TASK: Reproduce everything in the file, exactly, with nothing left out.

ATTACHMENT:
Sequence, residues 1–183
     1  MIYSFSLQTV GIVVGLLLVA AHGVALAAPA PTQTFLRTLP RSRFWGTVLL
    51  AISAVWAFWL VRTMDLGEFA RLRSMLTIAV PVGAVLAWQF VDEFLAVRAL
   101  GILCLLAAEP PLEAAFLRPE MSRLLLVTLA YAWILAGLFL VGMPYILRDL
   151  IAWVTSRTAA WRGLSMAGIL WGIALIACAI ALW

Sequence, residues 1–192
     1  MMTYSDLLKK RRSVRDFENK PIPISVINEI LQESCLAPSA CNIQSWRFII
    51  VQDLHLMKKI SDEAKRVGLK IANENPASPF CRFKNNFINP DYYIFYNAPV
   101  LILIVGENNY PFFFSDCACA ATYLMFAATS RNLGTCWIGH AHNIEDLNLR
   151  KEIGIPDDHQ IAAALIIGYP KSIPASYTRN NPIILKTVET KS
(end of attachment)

Sequence, residues 1–183
     1  MIYSFSLQTV GIVVGLLLVA AHGVALAAPA PTQTFLRTLP RSRFWGTVLL
    51  AISAVWAFWL VRTMDLGEFA RLRSMLTIAV PVGAVLAWQF VDEFLAVRAL
   101  GILCLLAAEP PLEAAFLRPE MSRLLLVTLA YAWILAGLFL VGMPYILRDL
   151  IAWVTSRTAA WRGLSMAGIL WGIALIACAI ALW

Sequence, residues 1–192
     1  MMTYSDLLKK RRSVRDFENK PIPISVINEI LQESCLAPSA CNIQSWRFII
    51  VQDLHLMKKI SDEAKRVGLK IANENPASPF CRFKNNFINP DYYIFYNAPV
   101  LILIVGENNY PFFFSDCACA ATYLMFAATS RNLGTCWIGH AHNIEDLNLR
   151  KEIGIPDDHQ IAAALIIGYP KSIPASYTRN NPIILKTVET KS